Most small landlords are not like the rich corporate landlords living in their castles. They want you to stay and be their client.

They also know that finding another good paying tenant in the current environment will be very difficult and would prefer you to stay.

So it’s entirely possible to ‘work things out’.

Work Out A Payment Plan

I worked out a fair payment plan with my landlords.

Since I only get $2000/month from CERB and my rent is $900/month we agreed I would pay $500/month and I would catch up when the pandemic is over and I can get back to work.

This allows me to have confidence I will keep my home and also gives me $1500 for other things I need in life (and I still don’t need to dip into my savings!)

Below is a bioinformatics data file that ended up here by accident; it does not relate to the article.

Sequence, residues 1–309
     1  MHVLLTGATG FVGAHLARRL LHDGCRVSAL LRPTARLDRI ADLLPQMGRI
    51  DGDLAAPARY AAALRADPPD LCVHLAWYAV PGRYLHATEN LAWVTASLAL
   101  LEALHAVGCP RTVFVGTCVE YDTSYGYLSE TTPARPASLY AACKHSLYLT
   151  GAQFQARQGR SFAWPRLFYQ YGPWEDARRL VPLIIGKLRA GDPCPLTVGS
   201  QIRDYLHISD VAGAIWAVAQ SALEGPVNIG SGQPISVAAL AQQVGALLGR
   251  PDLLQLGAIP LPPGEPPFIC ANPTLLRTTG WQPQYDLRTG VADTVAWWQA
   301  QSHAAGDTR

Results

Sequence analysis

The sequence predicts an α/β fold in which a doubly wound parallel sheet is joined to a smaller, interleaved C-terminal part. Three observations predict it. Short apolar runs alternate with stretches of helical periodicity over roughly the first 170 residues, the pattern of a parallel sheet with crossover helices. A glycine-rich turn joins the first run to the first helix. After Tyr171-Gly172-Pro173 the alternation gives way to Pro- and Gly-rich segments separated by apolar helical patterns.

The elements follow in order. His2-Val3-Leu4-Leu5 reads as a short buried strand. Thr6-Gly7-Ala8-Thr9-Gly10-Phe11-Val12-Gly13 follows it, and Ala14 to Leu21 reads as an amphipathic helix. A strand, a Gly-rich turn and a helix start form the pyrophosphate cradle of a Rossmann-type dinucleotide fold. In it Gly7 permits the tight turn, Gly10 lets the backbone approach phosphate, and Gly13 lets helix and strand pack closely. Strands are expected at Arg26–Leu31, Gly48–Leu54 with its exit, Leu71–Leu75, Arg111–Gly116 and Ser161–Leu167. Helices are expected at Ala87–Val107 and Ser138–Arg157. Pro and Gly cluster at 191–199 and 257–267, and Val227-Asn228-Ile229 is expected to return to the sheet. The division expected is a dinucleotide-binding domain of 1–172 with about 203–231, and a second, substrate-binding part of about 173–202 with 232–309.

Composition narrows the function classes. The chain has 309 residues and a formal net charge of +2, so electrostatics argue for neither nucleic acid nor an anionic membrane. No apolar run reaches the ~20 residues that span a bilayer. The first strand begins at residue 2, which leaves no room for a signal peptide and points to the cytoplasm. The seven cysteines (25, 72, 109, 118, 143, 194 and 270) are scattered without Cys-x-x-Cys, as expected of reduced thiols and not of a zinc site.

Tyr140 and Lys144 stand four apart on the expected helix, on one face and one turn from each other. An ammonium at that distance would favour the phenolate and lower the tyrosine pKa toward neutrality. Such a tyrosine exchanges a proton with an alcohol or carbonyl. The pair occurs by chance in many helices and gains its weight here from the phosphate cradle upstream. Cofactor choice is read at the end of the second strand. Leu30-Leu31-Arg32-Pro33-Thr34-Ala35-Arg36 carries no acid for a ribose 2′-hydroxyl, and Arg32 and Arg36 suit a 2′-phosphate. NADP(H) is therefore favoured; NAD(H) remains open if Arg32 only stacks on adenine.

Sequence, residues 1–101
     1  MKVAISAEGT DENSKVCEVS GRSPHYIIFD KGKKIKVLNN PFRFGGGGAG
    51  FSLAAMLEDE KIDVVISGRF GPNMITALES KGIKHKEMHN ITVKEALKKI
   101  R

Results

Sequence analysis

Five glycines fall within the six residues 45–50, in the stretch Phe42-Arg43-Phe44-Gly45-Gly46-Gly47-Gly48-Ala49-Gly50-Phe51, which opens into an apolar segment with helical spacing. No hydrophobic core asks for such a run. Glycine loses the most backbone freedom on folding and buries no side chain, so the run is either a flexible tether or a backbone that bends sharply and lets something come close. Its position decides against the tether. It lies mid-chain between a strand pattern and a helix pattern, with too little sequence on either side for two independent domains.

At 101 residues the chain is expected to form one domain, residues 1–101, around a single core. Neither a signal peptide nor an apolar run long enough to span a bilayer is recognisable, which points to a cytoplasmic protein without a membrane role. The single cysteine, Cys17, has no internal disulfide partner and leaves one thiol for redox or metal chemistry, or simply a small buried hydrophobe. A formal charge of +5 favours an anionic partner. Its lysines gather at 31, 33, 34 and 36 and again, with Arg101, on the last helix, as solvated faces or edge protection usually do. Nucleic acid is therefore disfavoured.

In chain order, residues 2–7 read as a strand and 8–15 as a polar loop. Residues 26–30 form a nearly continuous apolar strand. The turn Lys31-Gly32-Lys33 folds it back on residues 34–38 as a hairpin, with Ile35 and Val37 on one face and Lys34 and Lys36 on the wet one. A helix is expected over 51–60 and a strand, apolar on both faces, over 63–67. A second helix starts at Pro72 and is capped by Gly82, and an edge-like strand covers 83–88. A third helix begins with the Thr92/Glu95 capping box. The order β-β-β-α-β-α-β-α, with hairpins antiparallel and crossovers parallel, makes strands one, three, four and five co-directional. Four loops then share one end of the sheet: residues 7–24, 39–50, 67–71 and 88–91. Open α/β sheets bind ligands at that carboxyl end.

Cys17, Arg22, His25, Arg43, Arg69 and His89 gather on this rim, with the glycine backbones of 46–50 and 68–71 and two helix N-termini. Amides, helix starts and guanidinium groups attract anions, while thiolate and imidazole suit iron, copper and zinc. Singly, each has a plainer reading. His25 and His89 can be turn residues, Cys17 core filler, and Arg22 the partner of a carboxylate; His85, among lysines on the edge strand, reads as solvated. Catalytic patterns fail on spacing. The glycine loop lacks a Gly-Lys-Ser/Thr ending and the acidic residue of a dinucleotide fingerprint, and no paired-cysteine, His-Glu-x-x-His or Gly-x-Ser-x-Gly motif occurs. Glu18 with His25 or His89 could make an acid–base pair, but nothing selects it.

Working Together…Works!

View your small landlord as a partner in this whole crazy mess of a world.

Your small landlord likely rented themselves or have friends or kids renting so they are on your side. They might even be helping their kids or relative or friend who is renting deal with this situation.

Working Class Tenants Working With Working Class Landlords is Key

Many working class landlords aren’t rich and have bills to pay. They are usually pretty kind and flexible and if you be polite and tell them you want to work things out they will do it.

Make sure you rent from a small working class landlord because you can talk to each other and prepare win-win plans.

Stay Safe and Let’s All Work Together